Searching for Nirvana

    Photo by Katherine Tang/North by Northwestern.

    Barefoot and seated on the floor in half-lotus position, members of the Northwestern University Zen Society are on a quest. Sure, they look for the meaning of life, but they find much more along the way through the Buddhist art of meditation.

    In its sixth year, the Zen Society meets every Thursday under the dimmed lights of the Oratory Room in Alice Millar Chapel. At a typical meeting, about 25 members spend 45 minutes to an hour practicing meditation, followed by an informal discussion about questions from religion, philosophy, and morality.

    Many members of the Zen society meditate for reasons such as finding happiness, perfecting self-control, or becoming self-actualized. “Who am I? What is the purpose of my life?” asks Kristen Radtke, a Weinberg sophomore and president of the Zen Society. “I meditate to know myself better, and to treat other people better.”

    Radtke suggests that by virtue of practicing Zen, many practical benefits are attained, such as strengthening the immune system and fueling the body with newfound energy. Physical discipline is also acquired as the meditation positions can be difficult for newcomers.

    Weinberg junior Zach Warburg, however, uses meditation to better control his mind and find clarity within it. “It blocks off all the white noise in your brain and clears the mind of excess thought,” says Warburg. “You learn to focus on the present instead of dwelling on the past or looking into the future”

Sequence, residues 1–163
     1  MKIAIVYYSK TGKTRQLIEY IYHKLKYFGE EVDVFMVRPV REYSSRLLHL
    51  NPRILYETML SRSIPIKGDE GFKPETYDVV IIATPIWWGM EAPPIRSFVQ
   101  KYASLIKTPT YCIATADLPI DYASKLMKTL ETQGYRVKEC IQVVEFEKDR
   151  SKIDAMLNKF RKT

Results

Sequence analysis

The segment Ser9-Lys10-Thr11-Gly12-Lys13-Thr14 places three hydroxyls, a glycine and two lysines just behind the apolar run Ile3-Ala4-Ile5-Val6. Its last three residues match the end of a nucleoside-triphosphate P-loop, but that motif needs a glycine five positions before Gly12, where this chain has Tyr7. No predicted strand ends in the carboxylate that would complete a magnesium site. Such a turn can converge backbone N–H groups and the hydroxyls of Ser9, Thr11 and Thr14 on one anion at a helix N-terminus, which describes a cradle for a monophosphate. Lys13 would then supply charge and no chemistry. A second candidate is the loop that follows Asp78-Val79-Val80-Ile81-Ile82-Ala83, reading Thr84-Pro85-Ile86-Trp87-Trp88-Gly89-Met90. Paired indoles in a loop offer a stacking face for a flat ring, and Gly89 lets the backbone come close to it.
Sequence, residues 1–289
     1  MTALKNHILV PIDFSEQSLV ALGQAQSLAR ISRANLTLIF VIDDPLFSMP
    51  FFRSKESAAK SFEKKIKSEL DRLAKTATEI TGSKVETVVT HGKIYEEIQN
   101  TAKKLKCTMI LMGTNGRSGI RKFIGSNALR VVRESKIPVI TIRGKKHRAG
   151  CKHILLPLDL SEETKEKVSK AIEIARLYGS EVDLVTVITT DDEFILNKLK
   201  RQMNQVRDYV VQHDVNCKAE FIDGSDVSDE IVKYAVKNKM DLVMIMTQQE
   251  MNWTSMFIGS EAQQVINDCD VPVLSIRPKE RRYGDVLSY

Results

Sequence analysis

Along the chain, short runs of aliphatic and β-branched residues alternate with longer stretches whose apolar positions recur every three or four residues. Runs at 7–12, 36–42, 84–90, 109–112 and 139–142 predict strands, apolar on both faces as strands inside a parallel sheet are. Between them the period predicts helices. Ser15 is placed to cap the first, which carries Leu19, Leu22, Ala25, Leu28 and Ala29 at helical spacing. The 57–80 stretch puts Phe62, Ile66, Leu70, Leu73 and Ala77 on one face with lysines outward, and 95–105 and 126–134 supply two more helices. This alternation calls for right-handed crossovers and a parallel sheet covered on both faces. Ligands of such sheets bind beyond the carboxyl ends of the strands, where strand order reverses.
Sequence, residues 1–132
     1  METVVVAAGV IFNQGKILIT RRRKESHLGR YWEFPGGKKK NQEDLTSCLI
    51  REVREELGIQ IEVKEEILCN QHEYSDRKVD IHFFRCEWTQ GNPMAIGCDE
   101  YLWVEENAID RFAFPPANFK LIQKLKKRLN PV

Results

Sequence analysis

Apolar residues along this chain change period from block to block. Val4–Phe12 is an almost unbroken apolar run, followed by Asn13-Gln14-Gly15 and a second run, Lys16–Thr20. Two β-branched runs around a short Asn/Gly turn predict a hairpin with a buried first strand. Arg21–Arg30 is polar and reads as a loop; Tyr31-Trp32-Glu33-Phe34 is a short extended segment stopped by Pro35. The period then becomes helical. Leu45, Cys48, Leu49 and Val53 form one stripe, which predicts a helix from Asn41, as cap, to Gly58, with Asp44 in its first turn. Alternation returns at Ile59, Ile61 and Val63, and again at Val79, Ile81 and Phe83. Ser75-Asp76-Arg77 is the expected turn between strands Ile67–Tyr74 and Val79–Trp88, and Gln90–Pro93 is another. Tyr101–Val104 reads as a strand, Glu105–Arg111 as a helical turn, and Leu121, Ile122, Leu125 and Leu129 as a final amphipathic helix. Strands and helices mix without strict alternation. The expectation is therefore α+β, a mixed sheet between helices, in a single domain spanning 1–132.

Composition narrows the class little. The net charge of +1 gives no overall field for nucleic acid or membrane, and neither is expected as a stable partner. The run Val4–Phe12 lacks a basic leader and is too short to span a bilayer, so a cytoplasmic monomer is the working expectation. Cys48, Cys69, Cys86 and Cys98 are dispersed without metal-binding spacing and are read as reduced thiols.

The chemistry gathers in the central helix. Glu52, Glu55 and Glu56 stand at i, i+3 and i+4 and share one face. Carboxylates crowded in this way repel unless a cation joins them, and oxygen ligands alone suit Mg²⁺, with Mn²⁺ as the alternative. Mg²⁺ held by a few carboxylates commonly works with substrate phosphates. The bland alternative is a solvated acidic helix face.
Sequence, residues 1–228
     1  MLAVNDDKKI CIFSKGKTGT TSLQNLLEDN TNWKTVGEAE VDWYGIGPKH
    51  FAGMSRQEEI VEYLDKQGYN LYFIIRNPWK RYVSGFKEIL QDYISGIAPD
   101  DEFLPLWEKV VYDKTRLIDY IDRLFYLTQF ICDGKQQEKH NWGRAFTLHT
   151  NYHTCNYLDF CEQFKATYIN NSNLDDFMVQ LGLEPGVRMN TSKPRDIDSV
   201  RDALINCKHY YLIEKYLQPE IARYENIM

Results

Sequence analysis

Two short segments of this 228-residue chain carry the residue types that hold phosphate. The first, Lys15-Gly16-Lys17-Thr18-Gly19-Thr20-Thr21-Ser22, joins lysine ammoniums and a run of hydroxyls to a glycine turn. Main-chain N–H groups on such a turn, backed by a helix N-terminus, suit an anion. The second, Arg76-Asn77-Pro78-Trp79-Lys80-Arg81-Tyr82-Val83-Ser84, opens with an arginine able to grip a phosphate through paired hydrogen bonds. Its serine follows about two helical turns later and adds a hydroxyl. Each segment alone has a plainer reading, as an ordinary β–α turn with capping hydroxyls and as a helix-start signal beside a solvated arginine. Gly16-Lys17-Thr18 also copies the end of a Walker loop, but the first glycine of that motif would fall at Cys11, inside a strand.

This method of focused-thinking is valuable for problem-solving and conflict resolution, according to Warburg. “Your mind is burdened with unnecessary considerations. When you focus your thinking, you think a lot faster and more efficiently.”

    A real treasure for Northwestern students is the added bonus of stress relief and relaxation. Many members, however, challenge the notion that meditation is primarily for relaxation. The Zen Society’s most dedicated members keep returning because of the inner peace and mental acuity they achieve.

    Though many perceive Zen to be an exclusively Buddhist practice, the Northwestern Zen Society welcomes members of all backgrounds to attend their weekly meetings. “It’s not a Buddhist thing – it’s a human thing. Everybody should try it once in their life,” says Radtke. But if you really want to find the meaning of life, you’ll probably want to take those shoes off more than just once.


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